It was when the car had already driven away that a young girl ran up to my side, eyes tear-filled and green, with long, curly hair. She was careful not to touch me, even when beckoning for my attention.

"You're detective Yamamoto, right?" she asked, voice quivering, and I gave her a piteous glance, nodding my head. "I am Kunogi Himawari. I was absent on the day you interviewed the other students."

She paused, and I gave her new, more interested eyes. The other students had said this girl was a close friend of both Doumeki-san and Watanuki-san.

"I heard that you arrested Doumeki-kun... Do you think he did it?" Her voice was weak, as if the very idea of this disgusted her.

"I'm not sure, Kunogi-san. You are their friend, so you know them better than I. Do you think he did it?" I returned her question with my own, and she quieted for many minutes before answering.

"No, I know them both, and I know Doumeki-kun would never hurt Watanuki-kun." She paused again, tears running down her pale cheeks, but she was smiling. It was a sad smile, remembering happy memories. "They...cared about one another more than they let on."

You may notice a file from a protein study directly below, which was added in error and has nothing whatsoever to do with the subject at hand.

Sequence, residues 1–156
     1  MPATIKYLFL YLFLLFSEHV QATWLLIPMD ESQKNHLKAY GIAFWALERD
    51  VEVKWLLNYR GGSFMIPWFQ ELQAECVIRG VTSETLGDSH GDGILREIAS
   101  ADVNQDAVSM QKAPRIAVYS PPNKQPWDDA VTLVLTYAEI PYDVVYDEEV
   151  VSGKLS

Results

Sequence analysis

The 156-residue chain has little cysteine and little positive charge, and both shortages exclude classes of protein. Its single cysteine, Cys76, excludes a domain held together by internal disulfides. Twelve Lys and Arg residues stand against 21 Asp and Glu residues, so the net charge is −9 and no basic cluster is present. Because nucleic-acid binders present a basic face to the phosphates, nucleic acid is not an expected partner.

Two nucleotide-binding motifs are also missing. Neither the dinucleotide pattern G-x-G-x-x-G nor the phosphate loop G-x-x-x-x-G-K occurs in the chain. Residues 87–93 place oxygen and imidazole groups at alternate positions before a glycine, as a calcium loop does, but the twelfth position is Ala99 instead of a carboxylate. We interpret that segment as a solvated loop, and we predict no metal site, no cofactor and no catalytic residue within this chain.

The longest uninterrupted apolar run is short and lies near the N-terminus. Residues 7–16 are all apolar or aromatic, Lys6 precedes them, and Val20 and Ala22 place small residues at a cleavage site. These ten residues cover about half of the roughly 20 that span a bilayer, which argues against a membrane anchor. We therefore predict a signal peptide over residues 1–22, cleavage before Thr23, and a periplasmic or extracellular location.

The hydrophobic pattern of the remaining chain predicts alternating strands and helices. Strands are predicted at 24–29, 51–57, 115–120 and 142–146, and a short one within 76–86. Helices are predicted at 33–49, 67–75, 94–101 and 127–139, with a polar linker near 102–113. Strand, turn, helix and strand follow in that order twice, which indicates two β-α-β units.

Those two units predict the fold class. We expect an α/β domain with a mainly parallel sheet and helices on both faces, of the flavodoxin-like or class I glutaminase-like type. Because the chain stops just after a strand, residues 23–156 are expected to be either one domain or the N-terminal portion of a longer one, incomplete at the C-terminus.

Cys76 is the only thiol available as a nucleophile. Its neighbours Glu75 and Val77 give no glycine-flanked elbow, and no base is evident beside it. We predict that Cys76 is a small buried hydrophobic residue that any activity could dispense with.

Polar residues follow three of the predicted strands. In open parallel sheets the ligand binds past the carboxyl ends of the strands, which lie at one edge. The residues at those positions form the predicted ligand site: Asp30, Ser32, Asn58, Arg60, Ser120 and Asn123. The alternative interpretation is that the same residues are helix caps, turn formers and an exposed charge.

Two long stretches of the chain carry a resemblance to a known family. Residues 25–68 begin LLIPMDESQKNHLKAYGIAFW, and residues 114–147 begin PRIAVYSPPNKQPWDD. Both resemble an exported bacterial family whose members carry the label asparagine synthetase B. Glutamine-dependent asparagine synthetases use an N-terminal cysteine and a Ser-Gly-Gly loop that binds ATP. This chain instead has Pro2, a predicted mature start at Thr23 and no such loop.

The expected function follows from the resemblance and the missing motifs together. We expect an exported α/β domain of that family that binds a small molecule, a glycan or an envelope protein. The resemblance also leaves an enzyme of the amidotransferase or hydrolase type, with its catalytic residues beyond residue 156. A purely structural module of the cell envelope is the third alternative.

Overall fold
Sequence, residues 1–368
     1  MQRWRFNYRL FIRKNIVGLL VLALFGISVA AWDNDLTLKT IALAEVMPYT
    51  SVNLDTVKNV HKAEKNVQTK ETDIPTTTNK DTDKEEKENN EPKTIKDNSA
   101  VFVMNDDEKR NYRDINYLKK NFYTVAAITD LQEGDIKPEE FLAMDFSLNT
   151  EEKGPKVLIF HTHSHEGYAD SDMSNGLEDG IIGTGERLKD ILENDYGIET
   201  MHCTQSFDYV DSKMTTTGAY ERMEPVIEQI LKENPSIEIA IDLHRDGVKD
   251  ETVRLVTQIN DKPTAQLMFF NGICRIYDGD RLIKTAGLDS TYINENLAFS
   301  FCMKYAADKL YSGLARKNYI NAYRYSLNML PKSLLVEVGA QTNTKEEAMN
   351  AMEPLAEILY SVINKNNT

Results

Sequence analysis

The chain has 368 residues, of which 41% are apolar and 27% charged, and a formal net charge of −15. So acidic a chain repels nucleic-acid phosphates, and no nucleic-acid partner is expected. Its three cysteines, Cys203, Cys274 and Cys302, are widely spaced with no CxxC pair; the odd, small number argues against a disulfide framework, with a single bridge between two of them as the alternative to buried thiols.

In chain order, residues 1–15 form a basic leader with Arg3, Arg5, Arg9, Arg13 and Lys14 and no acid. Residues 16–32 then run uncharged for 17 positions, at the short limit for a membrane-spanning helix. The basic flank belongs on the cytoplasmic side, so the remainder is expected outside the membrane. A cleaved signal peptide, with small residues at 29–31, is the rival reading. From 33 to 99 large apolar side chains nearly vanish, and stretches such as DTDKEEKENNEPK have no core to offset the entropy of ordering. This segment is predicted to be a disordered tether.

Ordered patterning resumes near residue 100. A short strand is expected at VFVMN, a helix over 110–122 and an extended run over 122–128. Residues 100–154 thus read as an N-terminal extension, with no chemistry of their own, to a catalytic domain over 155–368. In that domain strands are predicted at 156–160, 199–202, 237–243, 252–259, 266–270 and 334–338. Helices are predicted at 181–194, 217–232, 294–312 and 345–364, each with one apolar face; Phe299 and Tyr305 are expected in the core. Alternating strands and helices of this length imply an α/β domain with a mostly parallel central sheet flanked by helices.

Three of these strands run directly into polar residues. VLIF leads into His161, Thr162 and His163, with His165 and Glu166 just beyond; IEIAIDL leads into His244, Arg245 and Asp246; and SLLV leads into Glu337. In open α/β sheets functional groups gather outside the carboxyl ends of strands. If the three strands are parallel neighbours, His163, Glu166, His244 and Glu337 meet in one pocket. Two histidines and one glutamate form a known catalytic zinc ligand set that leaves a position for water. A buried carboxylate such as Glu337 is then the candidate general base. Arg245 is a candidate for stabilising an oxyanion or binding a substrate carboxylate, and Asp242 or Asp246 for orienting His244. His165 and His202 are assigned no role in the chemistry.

She looked towards the sky, letting the rain mix with her tears and wet her further, before looking back at me abruptly. She handed me a piece of paper, giving me a determined expression.

"If you wish to know what happened — really, really wish — go to this address, and a woman, Watanuki-kun's former employer, will tell you the truth." She turned, about to leave. I could see another sad woman with green eyes similar to her own waiting for her, possibly her mother. She left me one last comment before running towards her mother. "She won't tell you for free, though. Be aware of that."

She left, and I sighed, wondering why this couldn't be a straightforward case like any other.